S’pore UV Index hits extreme levels again on 30 March, high heat stress at 2 locations

UV Index hits extreme levels for more than 1 hour in the afternoon of 30 March

Just three days after the Ultraviolet (UV) Index hit extreme levels in Singapore, it has done so again.

On Saturday (30 March), the UV Index stayed at Level 12 for more than one hour.

Source: Kirill Petropavlov on Unsplash, for illustration purposes only

High heat stress was also recorded at two locations, according to the Meteorological Service Singapore (MSS).

UV Index at extreme levels from 12.15pm to 1.30pm on 30 March

The UV Index measures the level of solar UV radiation on the earth’s surface.

According to MSS, the reading in Singapore hit the Extreme level of 12 on Saturday (30 March) from 12.15 to 1.30pm — a duration of one hour 15 minutes.

At 1.45pm, it was down to the Very High level of 8.

The UV Index ranges from 0 to above 11, with anything above 11 considered Extreme:

  • Low (0-2)
  • Moderate (3-5)
  • High (6-7)
  • Very High (8-10)
  • Extreme (Above 11)

UV Index also hit extreme levels on 27 March

The last time the UV Index hit extreme levels in Singapore was on Wednesday (27 March).

That day, it was at Extreme from 12.15pm to 2pm. However, it hit 12 only from 12.45pm to 1.30pm while it was at 11 for the rest of that period.

The National Environment Agency (NEA) thus urged the public to protect themselves against potential sunburn.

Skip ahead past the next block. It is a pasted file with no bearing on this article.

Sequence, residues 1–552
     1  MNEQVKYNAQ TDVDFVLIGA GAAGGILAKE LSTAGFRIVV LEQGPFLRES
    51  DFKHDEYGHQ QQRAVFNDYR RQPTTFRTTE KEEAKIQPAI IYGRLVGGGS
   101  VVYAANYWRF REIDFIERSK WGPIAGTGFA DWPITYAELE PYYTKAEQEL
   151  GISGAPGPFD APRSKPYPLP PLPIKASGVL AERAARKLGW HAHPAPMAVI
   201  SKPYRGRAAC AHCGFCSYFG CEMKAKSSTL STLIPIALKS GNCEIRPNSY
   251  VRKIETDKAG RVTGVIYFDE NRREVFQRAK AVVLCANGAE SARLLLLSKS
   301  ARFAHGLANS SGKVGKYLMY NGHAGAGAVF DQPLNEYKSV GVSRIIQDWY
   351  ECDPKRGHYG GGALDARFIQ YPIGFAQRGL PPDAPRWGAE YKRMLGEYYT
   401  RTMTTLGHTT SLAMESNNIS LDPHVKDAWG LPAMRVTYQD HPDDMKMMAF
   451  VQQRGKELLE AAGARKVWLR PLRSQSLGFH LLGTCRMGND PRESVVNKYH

Heat stress levels also must be monitored

Besides the UV Index, another indicator we should watch out for is the heat stress levels.

Heat stress occurs when the body can’t cool itself enough, leading to the buildup of excess heat. This may damage the body and increase one’s risk of suffering from heat cramps, heat exhaustion and heat stroke.

Heat stress levels are based on Wet-Bulb Globe Temperature (WBGT), which is influenced by air temperature, humidity, wind and solar radiation.

Source: yongyuan from Getty Images Signature on Canva, for illustration purposes only

The NEA collects WBGT data from nine sensor locations across Singapore to find out whether the heat stress level in the area is Low, Moderate or High. This is then published on the MSS website.

To get a High reading, the WBGT at the location should be 33°C or above. A Low reading is below 31°C.

2 locations record High heat stress levels

On Saturday, Choa Chu Kang had a High heat stress level, with a WBGT of 33.7°C at 12.15pm.

At 1pm, the sensor at the Kallang Practice Track detected a WBGT of 33°C, meaning the location also recorded a High heat stress level.

During periods of High heat stress levels, the public is advised to minimise outdoor activities and take more frequent breaks under shelter.

They should also drink more fluids, use an umbrella or hat and monitor their body for signs of heat-related illness.

Also read: Dry & warm weather in S’pore to persist over second half of March

Dry & warm weather in S’pore to persist over second half of March

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Featured image adapted from Kirill Petropavlov on Unsplash, for illustration purposes only.

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